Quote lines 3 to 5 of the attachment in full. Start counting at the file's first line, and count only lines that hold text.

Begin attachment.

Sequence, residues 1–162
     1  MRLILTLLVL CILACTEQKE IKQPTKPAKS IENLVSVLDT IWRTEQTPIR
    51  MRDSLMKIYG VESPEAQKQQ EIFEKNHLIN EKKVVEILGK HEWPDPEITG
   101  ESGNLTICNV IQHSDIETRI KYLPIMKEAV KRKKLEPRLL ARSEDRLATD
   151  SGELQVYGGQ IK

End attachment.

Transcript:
    51  MRDSLMKIYG VESPEAQKQQ EIFEKNHLIN EKKVVEILGK HEWPDPEITG
   101  ESGNLTICNV IQHSDIETRI KYLPIMKEAV KRKKLEPRLL ARSEDRLATD
   151  SGELQVYGGQ IK